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State Auto Insurance Rules

Each state has different laws regarding automobile insurance coverage, and this can cause confusion for customers, especially if you move from one state to another. Learning your state’s automobile insurance rules is necessary, however, if you want to be sure that your automobile insurance policy covers you for damages at the level required by your state.

Some states require only liability insurance in minimum amounts; other states are “no-fault” and require personal injury protection, or PIP. Still other states require uninsured motorist insurance for every driver. In order to find out about your state’s automobile insurance requirements, you must know where to look for the right information.

A word of caution is in order when searching the internet for state automobile insurance requirements. Although there are many websites purporting to collate state automobile insurance requirements, these sites are created by individuals who may or may not have accurate information about each state. Further, these websites may not be updated in a timely manner by their owners, and information may be out of date by the time you read it. In order to be sure you have accurate information about your state’s automobile insurance laws, you should visit your state’s insurance website.

Most states have a governmental agency known as the Insurance Commission that is responsible for maintaining information on state automobile insurance laws. Your state’s agency may go by a slightly different name; for example, California has the California Department of Insurance, while Georgia’s agency is known as the State Insurance Commissioner’s Office. You can find your state’s insurance commissioner’s website by searching for your state’s name and “insurance commissioner.”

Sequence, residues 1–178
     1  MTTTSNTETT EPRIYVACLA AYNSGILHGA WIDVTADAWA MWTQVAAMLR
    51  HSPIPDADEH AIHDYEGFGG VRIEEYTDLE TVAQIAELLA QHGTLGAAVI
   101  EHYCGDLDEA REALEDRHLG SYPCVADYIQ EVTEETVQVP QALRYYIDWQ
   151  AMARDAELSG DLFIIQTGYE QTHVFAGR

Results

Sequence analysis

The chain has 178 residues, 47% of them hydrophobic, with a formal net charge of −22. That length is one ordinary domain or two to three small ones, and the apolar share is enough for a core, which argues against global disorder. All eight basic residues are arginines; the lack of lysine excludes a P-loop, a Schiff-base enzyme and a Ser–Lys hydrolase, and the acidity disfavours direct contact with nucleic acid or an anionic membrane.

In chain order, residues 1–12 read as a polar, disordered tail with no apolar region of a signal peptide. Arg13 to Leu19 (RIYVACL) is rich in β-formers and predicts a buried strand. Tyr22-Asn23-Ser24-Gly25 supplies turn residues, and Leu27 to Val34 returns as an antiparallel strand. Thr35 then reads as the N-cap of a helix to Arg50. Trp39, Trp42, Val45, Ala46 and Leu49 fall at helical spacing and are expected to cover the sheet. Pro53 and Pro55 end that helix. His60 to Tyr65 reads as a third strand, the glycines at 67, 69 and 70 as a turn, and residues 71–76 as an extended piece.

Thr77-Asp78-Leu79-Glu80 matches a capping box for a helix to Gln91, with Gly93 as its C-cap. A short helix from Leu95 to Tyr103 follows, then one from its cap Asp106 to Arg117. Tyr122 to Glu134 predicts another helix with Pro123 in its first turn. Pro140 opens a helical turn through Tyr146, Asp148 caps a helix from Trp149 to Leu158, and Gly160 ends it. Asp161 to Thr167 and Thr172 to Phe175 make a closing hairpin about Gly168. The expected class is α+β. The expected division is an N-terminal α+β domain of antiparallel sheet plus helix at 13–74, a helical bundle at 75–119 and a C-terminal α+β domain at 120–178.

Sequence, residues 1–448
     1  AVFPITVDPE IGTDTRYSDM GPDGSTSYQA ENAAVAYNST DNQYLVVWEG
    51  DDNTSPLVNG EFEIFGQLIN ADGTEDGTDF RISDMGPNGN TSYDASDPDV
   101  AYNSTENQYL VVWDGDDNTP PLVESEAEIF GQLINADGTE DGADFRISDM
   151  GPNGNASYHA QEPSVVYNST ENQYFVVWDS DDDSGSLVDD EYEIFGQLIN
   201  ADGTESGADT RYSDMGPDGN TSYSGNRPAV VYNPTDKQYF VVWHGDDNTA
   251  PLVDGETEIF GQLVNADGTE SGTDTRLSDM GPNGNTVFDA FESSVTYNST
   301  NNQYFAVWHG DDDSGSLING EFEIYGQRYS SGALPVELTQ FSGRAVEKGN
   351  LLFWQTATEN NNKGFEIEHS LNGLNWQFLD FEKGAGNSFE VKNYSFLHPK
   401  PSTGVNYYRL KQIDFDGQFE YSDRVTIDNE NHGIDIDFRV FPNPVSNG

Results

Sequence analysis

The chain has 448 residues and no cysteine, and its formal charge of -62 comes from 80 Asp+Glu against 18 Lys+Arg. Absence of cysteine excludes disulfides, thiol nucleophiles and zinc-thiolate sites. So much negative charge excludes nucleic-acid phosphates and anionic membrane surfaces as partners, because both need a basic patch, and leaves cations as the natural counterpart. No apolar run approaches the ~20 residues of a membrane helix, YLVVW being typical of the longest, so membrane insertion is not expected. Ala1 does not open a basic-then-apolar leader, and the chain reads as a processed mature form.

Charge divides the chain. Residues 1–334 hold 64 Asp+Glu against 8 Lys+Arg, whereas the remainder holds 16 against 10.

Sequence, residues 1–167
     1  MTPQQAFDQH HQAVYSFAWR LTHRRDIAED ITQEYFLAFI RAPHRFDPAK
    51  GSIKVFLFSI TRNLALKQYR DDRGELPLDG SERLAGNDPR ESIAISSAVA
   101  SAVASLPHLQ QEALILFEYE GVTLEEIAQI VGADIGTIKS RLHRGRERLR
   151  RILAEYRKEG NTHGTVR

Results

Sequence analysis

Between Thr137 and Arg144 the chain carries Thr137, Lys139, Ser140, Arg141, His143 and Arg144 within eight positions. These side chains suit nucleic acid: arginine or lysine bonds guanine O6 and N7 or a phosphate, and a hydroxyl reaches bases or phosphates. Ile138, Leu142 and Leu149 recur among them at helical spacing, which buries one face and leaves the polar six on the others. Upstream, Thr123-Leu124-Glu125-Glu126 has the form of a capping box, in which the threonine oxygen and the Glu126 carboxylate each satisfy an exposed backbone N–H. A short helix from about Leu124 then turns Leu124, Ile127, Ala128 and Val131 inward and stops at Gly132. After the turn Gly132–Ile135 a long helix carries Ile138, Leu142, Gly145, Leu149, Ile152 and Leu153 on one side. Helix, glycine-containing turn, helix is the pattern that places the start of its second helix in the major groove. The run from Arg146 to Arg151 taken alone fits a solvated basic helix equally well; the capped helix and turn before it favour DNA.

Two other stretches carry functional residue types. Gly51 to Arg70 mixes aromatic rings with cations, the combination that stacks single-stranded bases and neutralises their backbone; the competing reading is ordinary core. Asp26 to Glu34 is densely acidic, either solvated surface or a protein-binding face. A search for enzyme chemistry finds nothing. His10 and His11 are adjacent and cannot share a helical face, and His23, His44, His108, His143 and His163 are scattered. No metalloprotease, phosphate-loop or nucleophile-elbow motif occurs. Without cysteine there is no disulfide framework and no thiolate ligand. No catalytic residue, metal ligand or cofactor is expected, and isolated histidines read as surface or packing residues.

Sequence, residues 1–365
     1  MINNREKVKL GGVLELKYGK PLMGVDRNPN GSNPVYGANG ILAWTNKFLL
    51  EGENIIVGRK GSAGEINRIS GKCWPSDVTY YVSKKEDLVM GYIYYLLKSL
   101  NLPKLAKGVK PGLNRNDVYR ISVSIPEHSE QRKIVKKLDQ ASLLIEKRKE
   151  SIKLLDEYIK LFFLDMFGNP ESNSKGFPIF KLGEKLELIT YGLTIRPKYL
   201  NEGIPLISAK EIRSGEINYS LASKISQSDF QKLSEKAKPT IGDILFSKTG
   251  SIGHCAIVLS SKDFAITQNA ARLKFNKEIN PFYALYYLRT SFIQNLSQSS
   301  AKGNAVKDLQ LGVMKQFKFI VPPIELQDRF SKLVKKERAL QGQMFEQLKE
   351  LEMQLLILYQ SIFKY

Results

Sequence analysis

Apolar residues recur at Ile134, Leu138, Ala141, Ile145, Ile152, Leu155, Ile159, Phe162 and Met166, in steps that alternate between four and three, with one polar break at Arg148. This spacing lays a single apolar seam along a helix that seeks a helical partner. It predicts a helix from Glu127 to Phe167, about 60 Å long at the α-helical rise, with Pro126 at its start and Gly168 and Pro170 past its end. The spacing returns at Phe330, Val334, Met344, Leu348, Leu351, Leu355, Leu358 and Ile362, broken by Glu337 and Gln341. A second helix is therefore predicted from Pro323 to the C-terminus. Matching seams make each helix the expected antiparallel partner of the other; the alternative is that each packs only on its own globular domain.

Once you find your state’s insurance website, you can easily find a link or search for your state’s minimum insurance requirements. Most states have only liability insurance requirements, but twelve states also have personal injury protection requirements because they are “no-fault” states. Several states have also instituted requirements for uninsured motorist coverage. Your state’s insurance website will give you the information you need about minimum requirements for automobile insurance.

If you are having trouble finding your state’s guidelines on the insurance commissioner’s website, you can contact the state insurance commissioner directly through email or by phone. The office will be able to quickly give you the information you need or direct you to the right web page.

Another way to discover your state’s automobile insurance requirements is to talk to an insurance agent in your state about coverage. Any insurance agent doing business in your state is required to give you at least the minimum amount of coverage when you apply for a policy. The trouble with talking to an insurance agent is that he or she may encourage you to buy more than the required minimum amounts and may be reluctant to tell you that you do not need more than this amount of coverage. Of course, it is usually a good idea to have more than the minimum amount of coverage, but you should still be given accurate information about minimum requirements before you make a purchasing decision.